BACKGROUND: Guidance to improve fertility includes reducing alcohol and caffeine consumption, achieving healthy weight-range and stopping smoking. Advice is informed by observational evidence, which is often biased by confounding. METHODS: This study primarily used data from a pregnancy cohort, the Norwegian Mother, Father and Child Cohort Study. First, we conducted multivariable regression of health behaviours (alcohol and caffeine consumption, body-mass index (BMI), and smoking) on fertility outcomes (e.g. time to conception) and reproductive outcomes (e.g. age at first birth) (n = 84,075 females, 68,002 males), adjusting for birth year, education and attention-deficit and hyperactive-impulsive (ADHD) traits. Second, we used individual-level Mendelian randomisation (MR) to explore possible causal effects of health behaviours on fertility/reproductive outcomes (n = 63,376 females, 45,460 males). Finally, we performed summary-level MR for available outcomes in UK Biobank (n = 91,462-1,232,091) and controlled for education and ADHD liability using multivariable MR. RESULTS: In multivariable regression analyses, higher BMI associated with fertility (longer time to conception, increased odds of infertility treatment and miscarriage), and smoking was associated with longer time to conception. In individual-level MR analyses, there was strong evidence for effects of smoking initiation and higher BMI on younger age at first birth, of higher BMI on increased time to conception, and weak evidence for effects of smoking initiation on increased time to conception. Age at first birth associations were replicated in summary-level MR analysis; however, effects attenuated using multivariable MR. CONCLUSIONS: Smoking behaviour and BMI showed the most consistent associations for increased time to conception and a younger age at first birth. Given that age at first birth and time to conception are positively correlated, this suggests that the mechanisms for reproductive outcomes are distinct to the mechanisms acting on fertility outcomes. Multivariable MR suggested that effects on age at first birth might be explained by underlying liability to ADHD and education.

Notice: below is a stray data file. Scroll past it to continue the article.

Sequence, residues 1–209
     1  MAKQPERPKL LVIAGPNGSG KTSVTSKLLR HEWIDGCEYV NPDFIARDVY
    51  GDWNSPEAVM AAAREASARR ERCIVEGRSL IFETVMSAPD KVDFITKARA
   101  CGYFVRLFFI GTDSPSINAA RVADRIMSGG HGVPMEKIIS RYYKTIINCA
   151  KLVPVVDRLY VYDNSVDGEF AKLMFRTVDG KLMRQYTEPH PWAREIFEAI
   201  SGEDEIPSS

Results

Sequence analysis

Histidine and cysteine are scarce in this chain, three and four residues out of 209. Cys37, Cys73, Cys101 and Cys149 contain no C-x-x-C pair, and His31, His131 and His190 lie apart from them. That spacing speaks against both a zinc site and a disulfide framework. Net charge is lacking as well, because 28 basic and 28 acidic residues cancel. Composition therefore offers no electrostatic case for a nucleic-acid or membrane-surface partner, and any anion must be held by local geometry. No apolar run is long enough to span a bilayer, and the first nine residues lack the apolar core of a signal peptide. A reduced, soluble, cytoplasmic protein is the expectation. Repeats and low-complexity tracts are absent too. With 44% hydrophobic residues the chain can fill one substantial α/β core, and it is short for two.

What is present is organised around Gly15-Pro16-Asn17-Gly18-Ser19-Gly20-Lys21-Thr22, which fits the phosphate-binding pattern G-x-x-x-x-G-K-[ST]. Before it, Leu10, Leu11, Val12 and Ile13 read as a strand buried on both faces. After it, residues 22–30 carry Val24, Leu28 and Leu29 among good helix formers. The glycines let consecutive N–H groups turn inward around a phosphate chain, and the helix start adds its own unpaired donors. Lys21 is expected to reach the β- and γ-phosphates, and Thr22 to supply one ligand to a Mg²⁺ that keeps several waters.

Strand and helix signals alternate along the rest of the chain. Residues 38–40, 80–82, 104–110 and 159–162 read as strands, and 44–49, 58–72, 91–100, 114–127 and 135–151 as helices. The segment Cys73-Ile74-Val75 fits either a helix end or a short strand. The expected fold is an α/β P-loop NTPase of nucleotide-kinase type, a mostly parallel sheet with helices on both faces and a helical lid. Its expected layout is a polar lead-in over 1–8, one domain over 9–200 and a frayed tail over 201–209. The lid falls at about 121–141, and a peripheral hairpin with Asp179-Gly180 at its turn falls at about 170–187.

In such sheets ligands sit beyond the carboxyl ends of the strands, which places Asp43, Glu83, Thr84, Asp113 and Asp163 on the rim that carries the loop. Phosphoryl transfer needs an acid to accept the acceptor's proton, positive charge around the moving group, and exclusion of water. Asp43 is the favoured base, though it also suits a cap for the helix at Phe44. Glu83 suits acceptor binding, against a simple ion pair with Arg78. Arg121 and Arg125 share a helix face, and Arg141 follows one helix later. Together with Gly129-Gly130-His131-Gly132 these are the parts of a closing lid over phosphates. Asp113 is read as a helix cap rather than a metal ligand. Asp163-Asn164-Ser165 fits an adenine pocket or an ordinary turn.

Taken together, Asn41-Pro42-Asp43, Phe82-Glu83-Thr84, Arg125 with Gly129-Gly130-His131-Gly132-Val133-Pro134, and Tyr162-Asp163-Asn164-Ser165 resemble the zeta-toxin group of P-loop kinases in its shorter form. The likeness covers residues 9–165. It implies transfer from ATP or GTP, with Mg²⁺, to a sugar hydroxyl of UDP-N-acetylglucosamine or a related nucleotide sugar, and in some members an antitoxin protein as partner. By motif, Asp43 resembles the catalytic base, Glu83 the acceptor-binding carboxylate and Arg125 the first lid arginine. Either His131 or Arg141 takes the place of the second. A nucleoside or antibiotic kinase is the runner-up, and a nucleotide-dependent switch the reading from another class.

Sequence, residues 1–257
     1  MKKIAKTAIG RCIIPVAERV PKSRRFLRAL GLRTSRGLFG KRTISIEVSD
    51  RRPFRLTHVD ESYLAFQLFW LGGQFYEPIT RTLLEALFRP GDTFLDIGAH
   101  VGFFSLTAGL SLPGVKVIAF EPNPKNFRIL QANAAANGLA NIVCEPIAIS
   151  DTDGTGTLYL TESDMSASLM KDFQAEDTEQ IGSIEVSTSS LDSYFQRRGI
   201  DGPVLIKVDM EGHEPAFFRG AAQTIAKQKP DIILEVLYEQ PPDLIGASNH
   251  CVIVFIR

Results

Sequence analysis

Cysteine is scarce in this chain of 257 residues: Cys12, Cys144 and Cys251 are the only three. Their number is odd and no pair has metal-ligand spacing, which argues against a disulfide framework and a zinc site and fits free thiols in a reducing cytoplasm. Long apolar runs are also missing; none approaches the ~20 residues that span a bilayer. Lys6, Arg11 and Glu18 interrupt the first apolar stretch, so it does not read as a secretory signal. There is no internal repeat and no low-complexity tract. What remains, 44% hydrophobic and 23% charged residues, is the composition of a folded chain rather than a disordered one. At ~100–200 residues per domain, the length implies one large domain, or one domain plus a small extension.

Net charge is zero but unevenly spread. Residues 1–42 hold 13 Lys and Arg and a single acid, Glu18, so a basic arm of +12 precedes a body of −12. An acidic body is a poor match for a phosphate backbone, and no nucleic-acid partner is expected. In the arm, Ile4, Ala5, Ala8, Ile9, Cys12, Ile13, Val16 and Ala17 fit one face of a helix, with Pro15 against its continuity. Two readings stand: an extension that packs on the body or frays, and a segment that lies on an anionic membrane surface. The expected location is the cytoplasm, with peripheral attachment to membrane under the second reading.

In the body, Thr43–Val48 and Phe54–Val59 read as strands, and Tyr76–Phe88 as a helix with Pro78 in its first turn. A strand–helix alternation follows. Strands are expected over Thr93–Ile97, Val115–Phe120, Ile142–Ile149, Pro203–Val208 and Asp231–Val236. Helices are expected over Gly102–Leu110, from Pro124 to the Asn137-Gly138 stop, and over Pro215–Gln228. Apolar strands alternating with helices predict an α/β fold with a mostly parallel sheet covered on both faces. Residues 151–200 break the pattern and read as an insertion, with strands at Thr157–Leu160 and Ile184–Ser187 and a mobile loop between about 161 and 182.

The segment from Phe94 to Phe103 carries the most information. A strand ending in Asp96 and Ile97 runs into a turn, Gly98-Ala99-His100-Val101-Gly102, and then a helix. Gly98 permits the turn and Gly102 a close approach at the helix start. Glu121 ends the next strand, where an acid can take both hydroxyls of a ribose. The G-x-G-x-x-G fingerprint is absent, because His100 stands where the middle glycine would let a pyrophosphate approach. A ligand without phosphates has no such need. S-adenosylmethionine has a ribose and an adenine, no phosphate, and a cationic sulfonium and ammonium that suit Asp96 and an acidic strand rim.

- Mendelian randomisation
- Reproductive outcomes